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News Gingrich, who is trailing in the polls, told Fox News Sunday that Romney was the GOP's "most likely" presidential nominee.
Newt Gingrich admitted Sunday that his rival Mitt Romney was the "most likely" Republican presidential nominee, Fox News reported.
Gingrich, who is trailing in the polls and has found his campaign in significant debt, said in an interview with Fox News Sunday's Brit Hume that he was willing to get behind Romney, who is currently leading the GOP race.
"Well, I think you have to be realistic, given the size of his organization, given the number of primaries he's won," Gingrich told Hume. "He is far and away, the most likely Republican nominee. And if he does get to 1,144 delegates, I'll support him. I'll do everything I can this fall to help him defeat Obama."
Gingrich went on to acknowledge that Romney's campaign had outpaced his own.
“I hit him as hard as I could. He hit me as hard as he could. It turned out he had more things to hit with than I did. And, that’s part of the business. He’s done the fundraising side brilliantly,” Gingrich said on Fox.
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However, Gingrich, the former house speaker, said that he would stay in the race despite trailing both Romney and fellow contender Rick Santorum, Agence France Presse reported.
With his campaign almost $4.5 million in debt and operating on a shoestring budget, Gingrich nonetheless said he was happy with his decision to run, the Washington Post reported.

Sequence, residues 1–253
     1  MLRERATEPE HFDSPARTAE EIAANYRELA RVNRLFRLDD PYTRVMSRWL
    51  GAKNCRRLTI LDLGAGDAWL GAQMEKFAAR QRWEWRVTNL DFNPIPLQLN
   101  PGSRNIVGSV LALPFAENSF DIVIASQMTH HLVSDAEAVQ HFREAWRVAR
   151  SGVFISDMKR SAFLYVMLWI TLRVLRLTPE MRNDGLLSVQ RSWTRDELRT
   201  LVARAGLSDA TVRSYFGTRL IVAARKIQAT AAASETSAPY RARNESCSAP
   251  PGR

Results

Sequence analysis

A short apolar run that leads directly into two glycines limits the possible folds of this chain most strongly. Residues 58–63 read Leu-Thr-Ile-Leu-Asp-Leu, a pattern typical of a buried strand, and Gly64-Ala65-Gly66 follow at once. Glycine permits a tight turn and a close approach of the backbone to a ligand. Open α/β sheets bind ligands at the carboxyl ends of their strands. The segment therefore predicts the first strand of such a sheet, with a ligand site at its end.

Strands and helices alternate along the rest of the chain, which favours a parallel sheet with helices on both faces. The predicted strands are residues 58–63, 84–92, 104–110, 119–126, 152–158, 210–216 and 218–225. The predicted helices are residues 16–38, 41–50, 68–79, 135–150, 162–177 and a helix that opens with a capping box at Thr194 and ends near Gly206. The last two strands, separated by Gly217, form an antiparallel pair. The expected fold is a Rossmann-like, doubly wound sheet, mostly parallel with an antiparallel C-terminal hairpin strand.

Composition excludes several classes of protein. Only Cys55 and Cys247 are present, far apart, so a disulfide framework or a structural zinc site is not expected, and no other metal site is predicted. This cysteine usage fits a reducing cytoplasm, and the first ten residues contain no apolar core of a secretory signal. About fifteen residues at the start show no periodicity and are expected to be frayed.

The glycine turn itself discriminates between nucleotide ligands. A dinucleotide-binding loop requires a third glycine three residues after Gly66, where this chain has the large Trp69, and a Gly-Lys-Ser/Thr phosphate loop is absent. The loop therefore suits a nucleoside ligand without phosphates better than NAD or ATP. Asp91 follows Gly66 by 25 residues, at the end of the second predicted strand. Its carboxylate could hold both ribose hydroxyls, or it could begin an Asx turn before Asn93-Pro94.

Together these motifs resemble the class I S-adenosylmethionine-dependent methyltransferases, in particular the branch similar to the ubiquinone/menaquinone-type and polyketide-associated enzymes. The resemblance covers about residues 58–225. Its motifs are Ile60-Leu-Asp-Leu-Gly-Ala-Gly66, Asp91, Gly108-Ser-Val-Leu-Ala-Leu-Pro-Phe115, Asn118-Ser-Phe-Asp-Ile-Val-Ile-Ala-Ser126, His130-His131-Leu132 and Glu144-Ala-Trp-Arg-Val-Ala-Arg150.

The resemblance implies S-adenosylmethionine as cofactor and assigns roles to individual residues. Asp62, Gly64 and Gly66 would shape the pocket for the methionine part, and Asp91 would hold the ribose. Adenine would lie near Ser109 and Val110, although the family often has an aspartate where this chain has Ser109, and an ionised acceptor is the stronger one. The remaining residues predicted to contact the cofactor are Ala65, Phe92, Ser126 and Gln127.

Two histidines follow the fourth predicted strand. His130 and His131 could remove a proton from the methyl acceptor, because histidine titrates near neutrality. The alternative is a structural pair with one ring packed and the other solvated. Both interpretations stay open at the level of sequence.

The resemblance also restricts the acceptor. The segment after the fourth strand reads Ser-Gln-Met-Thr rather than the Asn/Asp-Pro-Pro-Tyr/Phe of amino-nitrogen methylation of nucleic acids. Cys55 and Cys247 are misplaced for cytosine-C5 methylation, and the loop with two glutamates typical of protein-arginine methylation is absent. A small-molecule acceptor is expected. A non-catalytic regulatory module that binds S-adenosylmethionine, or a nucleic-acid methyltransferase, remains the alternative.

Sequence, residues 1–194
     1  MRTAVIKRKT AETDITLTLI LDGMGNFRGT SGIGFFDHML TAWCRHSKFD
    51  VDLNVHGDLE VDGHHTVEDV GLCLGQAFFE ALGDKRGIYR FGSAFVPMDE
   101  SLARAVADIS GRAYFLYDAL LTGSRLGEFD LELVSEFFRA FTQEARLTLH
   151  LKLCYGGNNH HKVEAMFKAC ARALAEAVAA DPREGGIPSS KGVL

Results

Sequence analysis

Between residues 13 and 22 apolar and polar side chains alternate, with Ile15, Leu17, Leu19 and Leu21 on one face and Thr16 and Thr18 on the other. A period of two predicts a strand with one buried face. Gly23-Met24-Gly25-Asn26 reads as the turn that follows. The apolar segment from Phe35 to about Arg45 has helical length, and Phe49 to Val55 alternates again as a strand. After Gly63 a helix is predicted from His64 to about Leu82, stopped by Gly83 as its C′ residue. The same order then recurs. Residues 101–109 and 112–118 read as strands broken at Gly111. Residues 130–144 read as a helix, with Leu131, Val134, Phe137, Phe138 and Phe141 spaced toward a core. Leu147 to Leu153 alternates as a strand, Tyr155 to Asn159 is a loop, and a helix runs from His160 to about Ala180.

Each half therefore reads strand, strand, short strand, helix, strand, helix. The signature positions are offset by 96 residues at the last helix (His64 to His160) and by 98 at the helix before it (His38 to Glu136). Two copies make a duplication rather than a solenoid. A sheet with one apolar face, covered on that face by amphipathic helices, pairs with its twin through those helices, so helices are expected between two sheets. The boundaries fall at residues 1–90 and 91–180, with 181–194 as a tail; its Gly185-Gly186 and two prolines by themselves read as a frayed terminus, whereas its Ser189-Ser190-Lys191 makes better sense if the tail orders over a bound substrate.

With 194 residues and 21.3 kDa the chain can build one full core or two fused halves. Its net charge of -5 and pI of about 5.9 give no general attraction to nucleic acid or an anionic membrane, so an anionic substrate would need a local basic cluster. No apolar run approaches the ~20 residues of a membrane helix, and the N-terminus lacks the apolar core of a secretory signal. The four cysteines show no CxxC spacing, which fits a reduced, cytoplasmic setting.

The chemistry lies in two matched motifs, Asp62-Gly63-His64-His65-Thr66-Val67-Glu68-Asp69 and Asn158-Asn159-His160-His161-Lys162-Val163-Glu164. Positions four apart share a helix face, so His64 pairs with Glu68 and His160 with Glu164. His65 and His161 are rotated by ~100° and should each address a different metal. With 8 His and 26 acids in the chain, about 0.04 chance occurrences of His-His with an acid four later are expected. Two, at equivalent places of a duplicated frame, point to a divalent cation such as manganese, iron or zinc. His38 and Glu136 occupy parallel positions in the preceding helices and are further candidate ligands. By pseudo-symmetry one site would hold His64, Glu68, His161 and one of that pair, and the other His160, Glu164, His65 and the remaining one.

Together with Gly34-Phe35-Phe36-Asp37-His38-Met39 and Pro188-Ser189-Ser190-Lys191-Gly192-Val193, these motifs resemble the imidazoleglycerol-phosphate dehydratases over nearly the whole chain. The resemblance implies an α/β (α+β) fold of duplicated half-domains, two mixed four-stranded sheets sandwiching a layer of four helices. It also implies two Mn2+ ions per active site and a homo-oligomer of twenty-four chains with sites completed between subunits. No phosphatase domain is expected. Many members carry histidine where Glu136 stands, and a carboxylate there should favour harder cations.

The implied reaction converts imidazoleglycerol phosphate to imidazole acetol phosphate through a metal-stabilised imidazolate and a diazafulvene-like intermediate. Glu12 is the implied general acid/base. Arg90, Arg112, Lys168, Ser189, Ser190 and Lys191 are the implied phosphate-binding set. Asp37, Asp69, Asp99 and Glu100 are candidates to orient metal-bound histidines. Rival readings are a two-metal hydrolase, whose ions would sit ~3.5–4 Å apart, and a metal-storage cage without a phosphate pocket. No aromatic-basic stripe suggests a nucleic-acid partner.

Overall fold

"I'm glad I did this," he said. "For me it was important as a citizen to try to do some very hard things. To try to bring new ideas and new approaches. It turned out to be much harder than I thought it would be, but it was the right thing for me to do, both in my life and where I thought the country was. I have no regrets."
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Meanwhile on the GOP campaign trail, Romney's presidential campaign pulled a TV ad attacking rival Rick Santorum while Santorum's daughter Isabella is in the hospital, CNN reported. Isabella, who was admitted on Friday for the second time this year, suffers from a rare chromosome condition called Trisomy 18.
The negative ad was going to air in the April 24 primary battleground state of Pennsylvania, attacked Santorum's 2006 re-election loss in the state, according to CNN.
Romney's campaign spokeswoman Andrea Saul said the decision was made "out of deference to Sen. Santorum's decision to suspend his campaign for personal family reasons," CNN reported.
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